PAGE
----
Even without these aforementioned concerns, the sheer volume of shipping containers arriving are causing problems of their own. A twenty-foot equivalent unit (TEU) is the standard size of a shipping container (although forty-foot equivalent units are also common). At its January 2022 peak, there were over 700,000 TEU’s waiting on ships offshore of Los Angeles and Long Beach.

While this number has reduced, there are currently hundreds of thousands of TEU’s on ships waiting to dock. They cannot be unloaded until what has already been unloaded is picked up and taken away by an empty truck. A truck would normally bring back an empty container and take on a full one, but when a storage yard is full of containers, there is nowhere to store empty ones.

Effectively, to move 700,000 full containers, there would need to be space for 700,000 empty ones.  As it stands, for every available truck, there are 18 containers waiting to be removed from the ports of Los Angeles and Long Beach.

What are the broader implications?

At its simplest, if demand outstrips supply for food, fuel, a car, a trade or a service, you can expect prices to rise for that good or service. The growth in prices from one period to another is inflation. Given the scenario outlined above, it’s easy to see how prices for goods and services have moved.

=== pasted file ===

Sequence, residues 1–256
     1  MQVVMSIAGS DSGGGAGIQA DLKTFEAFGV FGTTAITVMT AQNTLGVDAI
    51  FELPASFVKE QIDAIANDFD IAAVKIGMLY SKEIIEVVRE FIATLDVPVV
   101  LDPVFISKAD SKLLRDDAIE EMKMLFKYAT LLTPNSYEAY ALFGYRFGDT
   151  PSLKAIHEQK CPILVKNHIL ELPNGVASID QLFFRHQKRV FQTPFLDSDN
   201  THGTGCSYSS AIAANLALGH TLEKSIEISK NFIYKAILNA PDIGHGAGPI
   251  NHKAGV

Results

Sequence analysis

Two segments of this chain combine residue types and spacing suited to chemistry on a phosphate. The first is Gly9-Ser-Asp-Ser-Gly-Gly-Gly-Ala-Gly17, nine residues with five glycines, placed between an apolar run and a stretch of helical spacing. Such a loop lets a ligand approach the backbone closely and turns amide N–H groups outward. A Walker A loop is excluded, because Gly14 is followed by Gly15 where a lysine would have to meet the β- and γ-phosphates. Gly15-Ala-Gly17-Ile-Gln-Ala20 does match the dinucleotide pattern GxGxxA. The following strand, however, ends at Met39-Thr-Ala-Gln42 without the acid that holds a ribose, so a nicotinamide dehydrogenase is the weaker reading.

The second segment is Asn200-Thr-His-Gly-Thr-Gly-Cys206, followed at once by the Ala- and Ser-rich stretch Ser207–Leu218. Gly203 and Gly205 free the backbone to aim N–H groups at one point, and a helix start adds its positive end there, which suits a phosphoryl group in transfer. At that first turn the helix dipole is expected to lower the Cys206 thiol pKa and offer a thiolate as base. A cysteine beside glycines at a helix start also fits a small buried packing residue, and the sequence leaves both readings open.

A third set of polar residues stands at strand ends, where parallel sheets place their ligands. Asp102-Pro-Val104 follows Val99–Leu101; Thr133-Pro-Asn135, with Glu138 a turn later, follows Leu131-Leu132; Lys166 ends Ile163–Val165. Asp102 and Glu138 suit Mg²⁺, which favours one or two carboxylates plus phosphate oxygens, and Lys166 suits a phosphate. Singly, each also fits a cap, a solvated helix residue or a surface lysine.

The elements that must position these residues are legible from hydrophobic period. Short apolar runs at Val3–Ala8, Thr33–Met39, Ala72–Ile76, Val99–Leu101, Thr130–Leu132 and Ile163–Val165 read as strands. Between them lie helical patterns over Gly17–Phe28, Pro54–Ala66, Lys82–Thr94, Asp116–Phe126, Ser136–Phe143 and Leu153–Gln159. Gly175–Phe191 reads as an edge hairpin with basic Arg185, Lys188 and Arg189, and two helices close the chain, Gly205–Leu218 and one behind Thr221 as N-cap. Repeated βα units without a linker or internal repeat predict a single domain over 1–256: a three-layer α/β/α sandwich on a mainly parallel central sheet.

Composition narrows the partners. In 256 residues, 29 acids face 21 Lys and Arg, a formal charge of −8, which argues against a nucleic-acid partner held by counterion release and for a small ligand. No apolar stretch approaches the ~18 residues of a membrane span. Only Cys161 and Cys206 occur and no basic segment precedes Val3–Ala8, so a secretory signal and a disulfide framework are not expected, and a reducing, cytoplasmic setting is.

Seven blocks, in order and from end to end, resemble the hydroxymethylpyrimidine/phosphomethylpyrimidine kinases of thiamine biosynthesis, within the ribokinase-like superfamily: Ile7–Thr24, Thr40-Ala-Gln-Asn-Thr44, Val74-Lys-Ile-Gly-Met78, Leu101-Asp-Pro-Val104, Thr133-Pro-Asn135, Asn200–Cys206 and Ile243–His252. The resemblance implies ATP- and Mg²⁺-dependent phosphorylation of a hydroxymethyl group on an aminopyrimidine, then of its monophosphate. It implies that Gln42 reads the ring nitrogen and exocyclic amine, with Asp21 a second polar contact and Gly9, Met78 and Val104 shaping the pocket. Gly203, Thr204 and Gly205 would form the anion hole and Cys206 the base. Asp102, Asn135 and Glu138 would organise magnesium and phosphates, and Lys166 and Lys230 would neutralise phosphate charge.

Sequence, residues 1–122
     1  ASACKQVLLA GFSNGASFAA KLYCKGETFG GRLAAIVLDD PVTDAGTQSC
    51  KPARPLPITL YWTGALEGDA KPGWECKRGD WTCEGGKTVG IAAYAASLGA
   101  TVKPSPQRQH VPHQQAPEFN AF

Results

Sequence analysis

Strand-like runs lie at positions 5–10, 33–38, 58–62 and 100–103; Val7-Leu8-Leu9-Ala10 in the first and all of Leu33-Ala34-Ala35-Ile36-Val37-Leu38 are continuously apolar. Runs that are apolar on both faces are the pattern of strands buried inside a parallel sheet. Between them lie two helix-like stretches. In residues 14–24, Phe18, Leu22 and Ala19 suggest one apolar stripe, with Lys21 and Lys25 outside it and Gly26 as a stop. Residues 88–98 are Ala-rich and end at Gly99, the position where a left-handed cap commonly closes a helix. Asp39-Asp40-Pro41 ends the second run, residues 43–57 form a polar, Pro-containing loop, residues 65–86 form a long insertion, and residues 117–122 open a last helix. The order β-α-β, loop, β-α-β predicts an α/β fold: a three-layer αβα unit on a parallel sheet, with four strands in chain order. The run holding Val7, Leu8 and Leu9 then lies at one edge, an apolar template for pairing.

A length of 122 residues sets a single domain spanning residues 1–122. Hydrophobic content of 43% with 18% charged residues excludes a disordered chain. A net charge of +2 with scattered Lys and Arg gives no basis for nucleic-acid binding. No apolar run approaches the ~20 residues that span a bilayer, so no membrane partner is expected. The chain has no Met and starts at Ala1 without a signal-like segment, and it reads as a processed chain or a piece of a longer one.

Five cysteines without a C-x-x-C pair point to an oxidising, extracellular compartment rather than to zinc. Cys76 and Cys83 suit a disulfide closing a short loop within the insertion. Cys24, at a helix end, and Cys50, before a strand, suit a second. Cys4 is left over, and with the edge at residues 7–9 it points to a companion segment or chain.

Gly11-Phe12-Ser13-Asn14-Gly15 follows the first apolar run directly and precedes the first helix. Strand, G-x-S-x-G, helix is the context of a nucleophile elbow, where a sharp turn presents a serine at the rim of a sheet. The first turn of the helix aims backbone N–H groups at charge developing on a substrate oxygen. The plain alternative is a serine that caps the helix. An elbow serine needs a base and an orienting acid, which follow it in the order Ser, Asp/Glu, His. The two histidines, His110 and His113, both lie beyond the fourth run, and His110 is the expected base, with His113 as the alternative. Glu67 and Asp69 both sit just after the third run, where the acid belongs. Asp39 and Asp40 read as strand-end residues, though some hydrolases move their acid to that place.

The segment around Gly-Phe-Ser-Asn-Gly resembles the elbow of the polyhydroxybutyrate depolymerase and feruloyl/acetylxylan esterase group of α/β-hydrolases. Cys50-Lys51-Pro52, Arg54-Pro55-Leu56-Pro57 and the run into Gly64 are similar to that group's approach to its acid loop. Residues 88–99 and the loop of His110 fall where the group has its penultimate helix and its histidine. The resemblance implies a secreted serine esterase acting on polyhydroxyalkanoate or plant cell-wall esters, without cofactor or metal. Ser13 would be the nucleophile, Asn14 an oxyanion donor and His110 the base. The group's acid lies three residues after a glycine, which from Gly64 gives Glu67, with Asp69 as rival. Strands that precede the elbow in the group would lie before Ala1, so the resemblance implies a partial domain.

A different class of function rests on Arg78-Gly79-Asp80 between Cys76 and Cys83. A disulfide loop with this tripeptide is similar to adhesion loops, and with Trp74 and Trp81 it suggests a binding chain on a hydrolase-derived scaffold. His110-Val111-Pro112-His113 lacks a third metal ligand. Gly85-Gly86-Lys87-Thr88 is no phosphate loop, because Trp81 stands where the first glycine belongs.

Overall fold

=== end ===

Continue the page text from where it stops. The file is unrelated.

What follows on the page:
Sectors that have been hit the hardest by bottlenecks have seen the greatest inflationary pressures. This has been most evident and instant in the export of goods. Labour supply has been a slower burn as latent capacity is absorbed, but we are now starting to see wages increase. The net effect, though, has seen annual headline inflation in the US hit 40-year highs of 7.5%.

Similar to the global supply chain issues, Australia has been affected to a lesser extent. This is due, in part, to our lesser reliance on global trade to supply key commodities. In fact, we tend to export most of these, but have a heavier reliance on partially or fully manufactured goods. Headline inflation now sits at 3.5%, with underlying inflation at 2.6%. This is forecast to continue to rise to 3.25% over the next few quarters and expected to decline to 2.75% in 2023 as supply-side problems are resolved and consumption patterns normalise.

However, the persistence of these supply chain disruptions and the resulting effects on prices will continue to cast uncertainty on these forecasts. Policymakers will keep a close eye on this situation, because if inflation is baked in and likely to keep growing, there will need to be policy adjustments and a rise of interest rates. While this may sound bad, at this stage, the level of inflation is not deemed significant and the economy can withstand it.

Read our 2022 inflationary outlook here.